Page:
And so, there we stood, in the midst of the bustle of Harvard Square, Phillip and me, praying together.

And that is when my eyes were opened to something that I should have seen long before.  Suddenly, this “homeless person,” this “social issue,” this “problem to be solved,” or even worse, “this nuisance to be avoided,” was a man named Phillip, with a mother named Dolores.  A man with a story.  Someone’s son.  Someone with hopes and dreams, as well as pains and disappointments.

The real question, I want to suggest, that we should be asking ourselves as we encounter our homeless brother and sisters on the streets of Harvard Square is not whether we should or shouldn’t give them our spare change, or something to eat, or some helpful advice about the nearest social program.  The question that we should first be asking ourselves is whether we are prepared to see them, know them, encounter them, and relate to them as human beings.  It is not an easy question, by any means, but it is the question Jesus poses to us in today’s gospel.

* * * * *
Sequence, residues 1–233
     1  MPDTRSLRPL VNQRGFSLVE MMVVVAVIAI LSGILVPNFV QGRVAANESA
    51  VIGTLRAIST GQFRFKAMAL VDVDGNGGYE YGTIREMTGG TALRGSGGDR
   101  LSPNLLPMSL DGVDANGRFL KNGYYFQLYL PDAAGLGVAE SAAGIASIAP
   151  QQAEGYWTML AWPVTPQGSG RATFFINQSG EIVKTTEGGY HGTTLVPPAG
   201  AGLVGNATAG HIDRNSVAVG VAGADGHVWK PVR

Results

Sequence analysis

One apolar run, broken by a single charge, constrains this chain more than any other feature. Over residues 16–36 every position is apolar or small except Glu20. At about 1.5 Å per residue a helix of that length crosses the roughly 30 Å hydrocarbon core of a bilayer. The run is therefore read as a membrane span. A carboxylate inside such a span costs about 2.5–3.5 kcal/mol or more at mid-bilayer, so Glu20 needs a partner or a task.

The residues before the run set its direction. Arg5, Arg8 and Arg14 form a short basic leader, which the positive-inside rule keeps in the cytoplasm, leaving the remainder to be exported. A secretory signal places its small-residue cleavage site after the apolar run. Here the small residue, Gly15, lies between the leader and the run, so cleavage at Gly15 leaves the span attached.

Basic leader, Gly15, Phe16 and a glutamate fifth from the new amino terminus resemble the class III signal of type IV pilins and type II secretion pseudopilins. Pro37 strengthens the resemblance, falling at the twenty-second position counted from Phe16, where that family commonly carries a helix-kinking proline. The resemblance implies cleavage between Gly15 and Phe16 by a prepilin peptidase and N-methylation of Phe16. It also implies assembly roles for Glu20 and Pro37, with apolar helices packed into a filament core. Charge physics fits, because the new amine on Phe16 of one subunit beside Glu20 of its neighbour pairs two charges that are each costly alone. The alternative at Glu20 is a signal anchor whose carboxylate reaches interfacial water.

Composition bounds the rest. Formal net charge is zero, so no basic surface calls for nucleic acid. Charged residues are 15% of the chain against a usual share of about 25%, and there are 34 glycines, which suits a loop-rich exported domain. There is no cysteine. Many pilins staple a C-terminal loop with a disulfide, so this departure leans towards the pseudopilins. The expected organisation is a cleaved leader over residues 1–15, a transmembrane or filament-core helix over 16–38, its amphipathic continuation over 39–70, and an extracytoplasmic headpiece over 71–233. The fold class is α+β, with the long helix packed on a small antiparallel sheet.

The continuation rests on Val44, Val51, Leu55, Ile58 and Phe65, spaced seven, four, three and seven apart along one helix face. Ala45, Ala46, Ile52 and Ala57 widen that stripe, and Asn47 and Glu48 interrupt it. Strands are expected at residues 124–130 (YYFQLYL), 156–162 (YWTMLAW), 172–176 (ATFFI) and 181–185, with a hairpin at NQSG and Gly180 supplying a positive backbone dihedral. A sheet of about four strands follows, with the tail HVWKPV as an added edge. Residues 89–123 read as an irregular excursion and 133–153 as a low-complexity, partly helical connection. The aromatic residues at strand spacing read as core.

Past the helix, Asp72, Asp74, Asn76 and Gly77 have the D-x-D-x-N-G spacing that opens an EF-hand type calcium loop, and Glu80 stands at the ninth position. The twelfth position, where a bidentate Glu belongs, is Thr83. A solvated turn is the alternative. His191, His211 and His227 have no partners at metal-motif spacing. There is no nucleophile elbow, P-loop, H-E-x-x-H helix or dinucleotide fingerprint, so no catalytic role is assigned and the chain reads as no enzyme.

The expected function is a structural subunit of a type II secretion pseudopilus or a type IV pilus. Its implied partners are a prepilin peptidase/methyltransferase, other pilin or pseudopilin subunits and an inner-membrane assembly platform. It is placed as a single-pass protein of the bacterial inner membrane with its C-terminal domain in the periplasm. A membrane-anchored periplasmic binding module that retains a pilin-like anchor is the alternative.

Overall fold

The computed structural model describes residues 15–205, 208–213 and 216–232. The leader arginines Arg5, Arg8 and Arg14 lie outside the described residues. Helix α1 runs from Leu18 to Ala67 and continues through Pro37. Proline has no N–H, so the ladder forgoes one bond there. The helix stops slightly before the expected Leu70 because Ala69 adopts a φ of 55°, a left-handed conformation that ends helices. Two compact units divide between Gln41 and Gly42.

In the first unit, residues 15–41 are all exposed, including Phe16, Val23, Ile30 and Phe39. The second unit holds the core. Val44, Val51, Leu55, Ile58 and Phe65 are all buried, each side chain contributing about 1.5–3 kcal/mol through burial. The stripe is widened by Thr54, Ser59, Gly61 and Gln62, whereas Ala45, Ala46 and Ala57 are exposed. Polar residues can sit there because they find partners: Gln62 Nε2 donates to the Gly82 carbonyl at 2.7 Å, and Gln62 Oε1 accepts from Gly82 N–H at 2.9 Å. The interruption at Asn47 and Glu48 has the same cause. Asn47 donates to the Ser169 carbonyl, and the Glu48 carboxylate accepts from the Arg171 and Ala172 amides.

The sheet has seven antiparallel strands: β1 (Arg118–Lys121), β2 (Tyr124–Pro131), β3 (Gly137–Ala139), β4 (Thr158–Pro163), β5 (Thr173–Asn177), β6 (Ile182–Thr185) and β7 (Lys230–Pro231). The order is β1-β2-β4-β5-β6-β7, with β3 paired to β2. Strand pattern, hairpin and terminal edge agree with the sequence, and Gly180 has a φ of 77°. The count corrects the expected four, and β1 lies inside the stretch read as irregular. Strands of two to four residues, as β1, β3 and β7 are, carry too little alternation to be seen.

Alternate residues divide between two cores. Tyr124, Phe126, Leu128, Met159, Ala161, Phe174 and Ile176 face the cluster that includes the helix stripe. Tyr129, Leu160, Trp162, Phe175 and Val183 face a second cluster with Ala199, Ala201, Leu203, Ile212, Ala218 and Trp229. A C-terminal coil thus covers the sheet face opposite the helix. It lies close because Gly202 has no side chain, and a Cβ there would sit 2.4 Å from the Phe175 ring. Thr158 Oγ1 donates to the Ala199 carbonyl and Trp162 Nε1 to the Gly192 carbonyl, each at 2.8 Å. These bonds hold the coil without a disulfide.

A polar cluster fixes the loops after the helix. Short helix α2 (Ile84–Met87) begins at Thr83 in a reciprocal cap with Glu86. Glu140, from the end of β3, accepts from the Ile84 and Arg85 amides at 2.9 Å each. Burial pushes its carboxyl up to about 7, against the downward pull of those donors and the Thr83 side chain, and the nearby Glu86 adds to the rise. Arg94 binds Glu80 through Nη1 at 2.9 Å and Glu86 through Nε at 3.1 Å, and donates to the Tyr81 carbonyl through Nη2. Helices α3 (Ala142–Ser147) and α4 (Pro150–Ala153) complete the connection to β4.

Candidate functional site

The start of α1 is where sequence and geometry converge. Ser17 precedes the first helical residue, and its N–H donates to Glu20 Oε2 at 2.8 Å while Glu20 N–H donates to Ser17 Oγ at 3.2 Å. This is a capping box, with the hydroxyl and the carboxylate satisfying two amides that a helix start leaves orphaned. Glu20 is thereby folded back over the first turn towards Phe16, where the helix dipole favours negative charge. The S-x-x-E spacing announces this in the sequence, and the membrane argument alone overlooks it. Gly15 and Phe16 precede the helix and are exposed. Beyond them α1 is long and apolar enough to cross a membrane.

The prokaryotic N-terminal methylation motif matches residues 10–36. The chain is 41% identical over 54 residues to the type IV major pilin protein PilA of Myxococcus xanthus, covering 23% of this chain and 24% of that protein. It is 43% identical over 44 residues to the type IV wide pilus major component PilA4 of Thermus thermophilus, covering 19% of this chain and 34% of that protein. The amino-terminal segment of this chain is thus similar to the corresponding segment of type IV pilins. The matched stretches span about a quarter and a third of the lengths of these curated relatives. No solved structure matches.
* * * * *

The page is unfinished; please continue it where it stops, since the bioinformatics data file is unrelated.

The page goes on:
The parable of the rich man and Lazarus is too often reduced to a simple morality tale about the dangers of wealth, the vice of self-indulgence, and the characteristic Lukan motif of an eschatological reversal of fortune, with the last being first and the first being last.

But this interpretation doesn’t do full justice to the parable.  While, to be sure, there is a stinging critique here of the oppression of the poor by the rich, there is a subtler and related message embedded in the parable as well – a message about relationship.